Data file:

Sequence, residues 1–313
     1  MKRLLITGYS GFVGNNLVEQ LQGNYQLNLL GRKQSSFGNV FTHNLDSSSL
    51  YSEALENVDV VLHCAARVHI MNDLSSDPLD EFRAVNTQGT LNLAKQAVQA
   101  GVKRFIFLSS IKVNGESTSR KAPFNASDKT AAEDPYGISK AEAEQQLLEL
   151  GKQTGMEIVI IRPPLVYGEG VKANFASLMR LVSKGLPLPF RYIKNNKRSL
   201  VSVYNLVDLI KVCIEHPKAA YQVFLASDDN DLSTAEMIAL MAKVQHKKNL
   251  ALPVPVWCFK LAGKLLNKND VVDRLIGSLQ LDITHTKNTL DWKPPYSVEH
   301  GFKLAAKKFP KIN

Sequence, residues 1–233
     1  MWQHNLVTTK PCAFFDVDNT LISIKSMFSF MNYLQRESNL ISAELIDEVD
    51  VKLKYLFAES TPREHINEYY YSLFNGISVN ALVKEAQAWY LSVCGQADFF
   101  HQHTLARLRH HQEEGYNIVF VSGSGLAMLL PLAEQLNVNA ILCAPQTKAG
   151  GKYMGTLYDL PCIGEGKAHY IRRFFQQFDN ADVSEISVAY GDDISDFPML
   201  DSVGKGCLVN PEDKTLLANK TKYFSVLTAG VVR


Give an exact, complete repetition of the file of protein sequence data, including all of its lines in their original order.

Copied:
Sequence, residues 1–313
     1  MKRLLITGYS GFVGNNLVEQ LQGNYQLNLL GRKQSSFGNV FTHNLDSSSL
    51  YSEALENVDV VLHCAARVHI MNDLSSDPLD EFRAVNTQGT LNLAKQAVQA
   101  GVKRFIFLSS IKVNGESTSR KAPFNASDKT AAEDPYGISK AEAEQQLLEL
   151  GKQTGMEIVI IRPPLVYGEG VKANFASLMR LVSKGLPLPF RYIKNNKRSL
   201  VSVYNLVDLI KVCIEHPKAA YQVFLASDDN DLSTAEMIAL MAKVQHKKNL
   251  ALPVPVWCFK LAGKLLNKND VVDRLIGSLQ LDITHTKNTL DWKPPYSVEH
   301  GFKLAAKKFP KIN

Sequence, residues 1–233
     1  MWQHNLVTTK PCAFFDVDNT LISIKSMFSF MNYLQRESNL ISAELIDEVD
    51  VKLKYLFAES TPREHINEYY YSLFNGISVN ALVKEAQAWY LSVCGQADFF
   101  HQHTLARLRH HQEEGYNIVF VSGSGLAMLL PLAEQLNVNA ILCAPQTKAG
   151  GKYMGTLYDL PCIGEGKAHY IRRFFQQFDN ADVSEISVAY GDDISDFPML
   201  DSVGKGCLVN PEDKTLLANK TKYFSVLTAG VVR